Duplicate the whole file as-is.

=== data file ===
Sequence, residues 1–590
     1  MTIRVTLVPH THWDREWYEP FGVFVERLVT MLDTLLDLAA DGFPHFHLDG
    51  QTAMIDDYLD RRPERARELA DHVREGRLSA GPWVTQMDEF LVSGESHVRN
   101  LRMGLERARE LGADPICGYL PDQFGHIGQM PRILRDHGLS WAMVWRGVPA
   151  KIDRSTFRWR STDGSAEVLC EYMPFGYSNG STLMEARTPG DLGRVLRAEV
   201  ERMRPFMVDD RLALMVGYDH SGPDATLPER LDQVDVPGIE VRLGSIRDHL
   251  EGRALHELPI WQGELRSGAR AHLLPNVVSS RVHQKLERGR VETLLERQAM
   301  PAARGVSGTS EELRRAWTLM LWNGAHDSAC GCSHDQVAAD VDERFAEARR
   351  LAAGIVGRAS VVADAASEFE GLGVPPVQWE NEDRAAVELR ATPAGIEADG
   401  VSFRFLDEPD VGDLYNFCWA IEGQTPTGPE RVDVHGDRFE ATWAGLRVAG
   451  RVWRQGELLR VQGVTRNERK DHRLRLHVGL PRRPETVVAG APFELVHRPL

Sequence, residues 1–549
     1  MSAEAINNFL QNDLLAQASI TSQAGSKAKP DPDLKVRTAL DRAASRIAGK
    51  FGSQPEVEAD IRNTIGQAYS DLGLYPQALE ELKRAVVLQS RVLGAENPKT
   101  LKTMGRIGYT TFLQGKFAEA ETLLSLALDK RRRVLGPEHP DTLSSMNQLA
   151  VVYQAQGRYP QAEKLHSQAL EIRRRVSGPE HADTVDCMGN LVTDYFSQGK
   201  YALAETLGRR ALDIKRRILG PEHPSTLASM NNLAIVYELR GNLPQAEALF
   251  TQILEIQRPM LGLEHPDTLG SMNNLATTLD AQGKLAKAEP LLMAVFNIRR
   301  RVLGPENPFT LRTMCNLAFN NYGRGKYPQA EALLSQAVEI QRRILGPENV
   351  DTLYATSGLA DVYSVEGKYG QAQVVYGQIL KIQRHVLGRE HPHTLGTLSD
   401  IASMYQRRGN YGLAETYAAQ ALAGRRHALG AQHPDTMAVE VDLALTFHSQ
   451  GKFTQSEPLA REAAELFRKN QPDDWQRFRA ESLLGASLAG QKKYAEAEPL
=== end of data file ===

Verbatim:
Sequence, residues 1–590
     1  MTIRVTLVPH THWDREWYEP FGVFVERLVT MLDTLLDLAA DGFPHFHLDG
    51  QTAMIDDYLD RRPERARELA DHVREGRLSA GPWVTQMDEF LVSGESHVRN
   101  LRMGLERARE LGADPICGYL PDQFGHIGQM PRILRDHGLS WAMVWRGVPA
   151  KIDRSTFRWR STDGSAEVLC EYMPFGYSNG STLMEARTPG DLGRVLRAEV
   201  ERMRPFMVDD RLALMVGYDH SGPDATLPER LDQVDVPGIE VRLGSIRDHL
   251  EGRALHELPI WQGELRSGAR AHLLPNVVSS RVHQKLERGR VETLLERQAM
   301  PAARGVSGTS EELRRAWTLM LWNGAHDSAC GCSHDQVAAD VDERFAEARR
   351  LAAGIVGRAS VVADAASEFE GLGVPPVQWE NEDRAAVELR ATPAGIEADG
   401  VSFRFLDEPD VGDLYNFCWA IEGQTPTGPE RVDVHGDRFE ATWAGLRVAG
   451  RVWRQGELLR VQGVTRNERK DHRLRLHVGL PRRPETVVAG APFELVHRPL

Sequence, residues 1–549
     1  MSAEAINNFL QNDLLAQASI TSQAGSKAKP DPDLKVRTAL DRAASRIAGK
    51  FGSQPEVEAD IRNTIGQAYS DLGLYPQALE ELKRAVVLQS RVLGAENPKT
   101  LKTMGRIGYT TFLQGKFAEA ETLLSLALDK RRRVLGPEHP DTLSSMNQLA
   151  VVYQAQGRYP QAEKLHSQAL EIRRRVSGPE HADTVDCMGN LVTDYFSQGK
   201  YALAETLGRR ALDIKRRILG PEHPSTLASM NNLAIVYELR GNLPQAEALF
   251  TQILEIQRPM LGLEHPDTLG SMNNLATTLD AQGKLAKAEP LLMAVFNIRR
   301  RVLGPENPFT LRTMCNLAFN NYGRGKYPQA EALLSQAVEI QRRILGPENV
   351  DTLYATSGLA DVYSVEGKYG QAQVVYGQIL KIQRHVLGRE HPHTLGTLSD
   401  IASMYQRRGN YGLAETYAAQ ALAGRRHALG AQHPDTMAVE VDLALTFHSQ
   451  GKFTQSEPLA REAAELFRKN QPDDWQRFRA ESLLGASLAG QKKYAEAEPL